“I’m already there in the cell asleep. So it was like, what was the search for? It seemed like they were kind of like picking with me, harassing me.”

Stewart sued the Police Department and settled for $45,000, according to Stewart and Calloway.

The release of video of Stewart’s beating comes amid the national outcry over the death of Nichols, a 29-year-old Black who worked for FedEx and was the father of a 4-year-old son, was dragged from his car by police officers from Memphis’ “Scorpion” street crime unit for alleged reckless driving.

In that video, Nichols is shown to be held down, kicked, punched and tased. Five officers were charged with murder.

Damien Stewart speaks Jan. 31, 2023, at Chicago City Hall about a 2019 case in which he says he was beaten by Chicago police inside a jail lockup.

In Fernandez’s interview with COPA, he said he and Williams and another officer stopped Stewart after observing a traffic violation, the report said. During the stop, Stewart refused to comply with their commands and had a firearm that he pointed toward Fernandez, and a physical struggle ensued.

At the station, Fernandez said he learned that Stewart was taken directly to lockup instead of being placed in a room in the processing area, according to the report. Fernandez and Williams went to the lockup to search Stewart because they were unable to conduct a proper search on the street, Fernandez told COPA.

Fernandez said when he told Stewart that he was going to be searched, Stewart responded with obscenities and said he did not want to be searched, but they were able to conduct the search, the report said.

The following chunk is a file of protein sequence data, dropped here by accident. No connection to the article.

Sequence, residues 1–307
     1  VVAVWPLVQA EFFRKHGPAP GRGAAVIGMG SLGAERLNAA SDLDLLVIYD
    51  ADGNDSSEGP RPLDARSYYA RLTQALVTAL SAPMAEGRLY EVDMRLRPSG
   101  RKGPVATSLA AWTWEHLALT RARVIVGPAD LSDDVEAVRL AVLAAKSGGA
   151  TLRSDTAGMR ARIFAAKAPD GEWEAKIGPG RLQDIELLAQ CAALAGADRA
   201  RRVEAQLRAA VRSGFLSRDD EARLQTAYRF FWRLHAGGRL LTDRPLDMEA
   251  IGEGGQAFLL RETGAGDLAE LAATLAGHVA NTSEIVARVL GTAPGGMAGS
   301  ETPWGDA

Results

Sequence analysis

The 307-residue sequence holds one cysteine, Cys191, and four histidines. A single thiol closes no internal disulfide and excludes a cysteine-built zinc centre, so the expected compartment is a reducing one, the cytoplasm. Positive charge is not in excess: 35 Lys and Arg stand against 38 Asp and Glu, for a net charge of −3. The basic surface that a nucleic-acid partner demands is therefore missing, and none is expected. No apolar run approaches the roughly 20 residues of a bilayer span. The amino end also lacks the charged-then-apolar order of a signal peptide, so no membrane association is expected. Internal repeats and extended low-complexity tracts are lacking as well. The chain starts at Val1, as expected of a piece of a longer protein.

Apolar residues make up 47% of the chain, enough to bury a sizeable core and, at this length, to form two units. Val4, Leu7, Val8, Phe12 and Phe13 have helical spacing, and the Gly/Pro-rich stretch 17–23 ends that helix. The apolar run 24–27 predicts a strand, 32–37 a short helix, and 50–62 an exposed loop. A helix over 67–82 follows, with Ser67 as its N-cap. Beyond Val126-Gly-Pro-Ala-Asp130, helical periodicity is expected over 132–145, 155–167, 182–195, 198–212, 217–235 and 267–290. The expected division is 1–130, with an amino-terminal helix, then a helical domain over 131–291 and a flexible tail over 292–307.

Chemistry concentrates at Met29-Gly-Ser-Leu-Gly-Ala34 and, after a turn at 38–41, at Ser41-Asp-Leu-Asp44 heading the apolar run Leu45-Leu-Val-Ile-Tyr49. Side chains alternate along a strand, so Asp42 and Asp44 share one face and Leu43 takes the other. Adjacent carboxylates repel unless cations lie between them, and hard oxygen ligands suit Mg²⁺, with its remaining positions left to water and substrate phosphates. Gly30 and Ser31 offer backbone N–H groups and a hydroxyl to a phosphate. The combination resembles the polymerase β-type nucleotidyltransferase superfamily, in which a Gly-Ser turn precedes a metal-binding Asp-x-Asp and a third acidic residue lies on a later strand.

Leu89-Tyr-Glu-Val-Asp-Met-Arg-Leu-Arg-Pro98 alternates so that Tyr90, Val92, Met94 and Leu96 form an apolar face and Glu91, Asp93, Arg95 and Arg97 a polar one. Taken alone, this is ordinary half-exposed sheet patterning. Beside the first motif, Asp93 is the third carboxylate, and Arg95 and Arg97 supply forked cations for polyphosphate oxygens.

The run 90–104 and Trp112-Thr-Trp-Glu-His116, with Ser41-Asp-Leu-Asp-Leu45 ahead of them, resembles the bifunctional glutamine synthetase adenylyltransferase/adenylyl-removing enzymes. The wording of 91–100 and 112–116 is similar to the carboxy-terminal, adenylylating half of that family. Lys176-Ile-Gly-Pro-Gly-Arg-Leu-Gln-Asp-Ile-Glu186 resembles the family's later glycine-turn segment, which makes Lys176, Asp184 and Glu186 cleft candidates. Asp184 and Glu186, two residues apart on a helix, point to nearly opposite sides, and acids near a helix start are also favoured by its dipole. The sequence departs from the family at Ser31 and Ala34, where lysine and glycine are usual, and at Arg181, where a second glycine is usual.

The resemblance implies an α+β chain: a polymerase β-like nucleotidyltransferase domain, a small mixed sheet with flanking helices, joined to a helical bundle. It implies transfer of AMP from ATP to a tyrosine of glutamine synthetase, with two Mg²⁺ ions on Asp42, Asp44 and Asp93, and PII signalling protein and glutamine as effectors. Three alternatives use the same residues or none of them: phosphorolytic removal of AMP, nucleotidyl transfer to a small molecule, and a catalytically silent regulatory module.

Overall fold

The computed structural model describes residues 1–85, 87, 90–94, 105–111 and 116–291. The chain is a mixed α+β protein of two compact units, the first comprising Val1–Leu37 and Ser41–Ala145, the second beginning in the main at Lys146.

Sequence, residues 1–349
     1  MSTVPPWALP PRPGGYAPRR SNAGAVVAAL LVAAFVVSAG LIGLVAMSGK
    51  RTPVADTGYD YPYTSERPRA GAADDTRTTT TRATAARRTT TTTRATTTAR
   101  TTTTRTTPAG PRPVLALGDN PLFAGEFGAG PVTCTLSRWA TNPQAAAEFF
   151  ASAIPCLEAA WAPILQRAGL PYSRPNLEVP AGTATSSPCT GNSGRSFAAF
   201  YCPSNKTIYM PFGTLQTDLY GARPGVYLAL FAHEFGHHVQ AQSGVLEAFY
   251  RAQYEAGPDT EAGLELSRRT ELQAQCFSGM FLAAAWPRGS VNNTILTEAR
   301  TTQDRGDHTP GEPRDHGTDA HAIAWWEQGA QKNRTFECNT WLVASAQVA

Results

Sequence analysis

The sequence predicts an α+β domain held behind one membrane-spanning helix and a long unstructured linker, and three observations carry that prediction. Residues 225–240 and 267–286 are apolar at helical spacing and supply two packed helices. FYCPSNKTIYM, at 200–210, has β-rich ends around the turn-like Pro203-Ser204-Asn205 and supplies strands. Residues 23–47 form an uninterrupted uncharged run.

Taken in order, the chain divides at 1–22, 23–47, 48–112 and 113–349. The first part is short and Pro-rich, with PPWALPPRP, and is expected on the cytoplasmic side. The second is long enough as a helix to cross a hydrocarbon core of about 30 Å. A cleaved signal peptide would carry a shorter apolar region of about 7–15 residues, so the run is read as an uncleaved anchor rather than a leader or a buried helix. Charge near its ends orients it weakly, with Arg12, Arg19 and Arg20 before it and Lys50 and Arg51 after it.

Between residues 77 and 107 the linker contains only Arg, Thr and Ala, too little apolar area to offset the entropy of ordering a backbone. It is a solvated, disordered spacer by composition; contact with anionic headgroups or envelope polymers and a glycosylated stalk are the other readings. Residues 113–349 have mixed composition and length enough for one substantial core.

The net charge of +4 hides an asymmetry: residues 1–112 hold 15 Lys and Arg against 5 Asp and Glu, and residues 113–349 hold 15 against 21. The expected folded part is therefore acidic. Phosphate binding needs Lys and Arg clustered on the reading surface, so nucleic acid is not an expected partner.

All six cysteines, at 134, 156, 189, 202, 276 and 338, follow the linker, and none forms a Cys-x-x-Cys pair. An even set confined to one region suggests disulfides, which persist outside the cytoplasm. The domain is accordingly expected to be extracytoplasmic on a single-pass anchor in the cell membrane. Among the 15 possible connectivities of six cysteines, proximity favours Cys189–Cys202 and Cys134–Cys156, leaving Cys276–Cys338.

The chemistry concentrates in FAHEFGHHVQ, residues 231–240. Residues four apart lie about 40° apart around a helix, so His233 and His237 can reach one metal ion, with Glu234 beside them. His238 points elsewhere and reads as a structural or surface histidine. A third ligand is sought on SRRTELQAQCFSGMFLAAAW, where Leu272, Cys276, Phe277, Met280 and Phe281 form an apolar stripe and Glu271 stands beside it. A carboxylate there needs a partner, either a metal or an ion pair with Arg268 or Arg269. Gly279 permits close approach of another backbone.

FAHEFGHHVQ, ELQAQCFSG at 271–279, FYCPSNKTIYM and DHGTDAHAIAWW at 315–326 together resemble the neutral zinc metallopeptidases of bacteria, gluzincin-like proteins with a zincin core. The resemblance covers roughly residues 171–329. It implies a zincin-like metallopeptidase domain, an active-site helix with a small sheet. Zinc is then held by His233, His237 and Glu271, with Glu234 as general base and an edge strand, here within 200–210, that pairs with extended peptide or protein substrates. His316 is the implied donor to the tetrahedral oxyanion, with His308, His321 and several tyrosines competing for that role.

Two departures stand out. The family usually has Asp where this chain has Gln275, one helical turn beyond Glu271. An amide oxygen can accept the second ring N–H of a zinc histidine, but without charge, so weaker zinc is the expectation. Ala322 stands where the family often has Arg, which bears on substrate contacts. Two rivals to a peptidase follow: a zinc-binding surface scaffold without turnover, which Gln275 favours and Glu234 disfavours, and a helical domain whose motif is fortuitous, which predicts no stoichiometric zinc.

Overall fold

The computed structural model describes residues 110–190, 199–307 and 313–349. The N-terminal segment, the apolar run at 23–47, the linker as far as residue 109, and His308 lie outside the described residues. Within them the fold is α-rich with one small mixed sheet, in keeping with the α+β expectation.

At the end of the search, Fernandez placed his hand on Stewart’s head to do a “cursory check for anything that may have been missed” and told COPA he said something to the effect of, “It will be all right, dude. We’re done.”

Stewart approached him with his chest out and breathing heavily, and Fernandez said he believed Stewart was going to fight, the report said. Fernandez said he put his hand on Stewart’s chest and pushed him toward the bench to sit down but Stewart pushed back.

Fernandez then hit Stewart with a closed hand, the report said. He denied using force as punishment or retaliation for the struggle on the street.

In Williams’ interview with COPA on the incident with Stewart, Williams said when he arrived at the police station, he went back to the lockup to Mirandize and conduct a more thorough search, check whether Stewart had extra layers of clothing, and conduct an investigation into driving under the influence, according to COPA’s final summary report on the case.

Williams did not ask for a sergeant for permission to go into the lockup, he told COPA.

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COPA reported that Fernandez’s actions “were unprofessional and emotional,” and he initiated contact with Stewart in a disrespectful manner, causing the incident.

COPA found that Fernandez had entered Stewart’s cell without permission; initiated physical conduct without justification; placed his right hand and left arm around Stewart’s neck without justification; used force as punishment or retaliation and failed to complete a tactical response report after the use of force, according to the report. COPA recommend he be suspended for 15 days.

Stewart is currently on house arrest for fleeing and eluding for a case that occurred after the lockup attack. Calloway, who leads a faith-based nonprofit called Christianaire, said he is recruiting Stewart to participate in a South Shore second chance violence prevention program, “Passports for Peace,” but it’s difficult for Stewart to move freely due to the electronic monitoring.


Twitter @paigexfry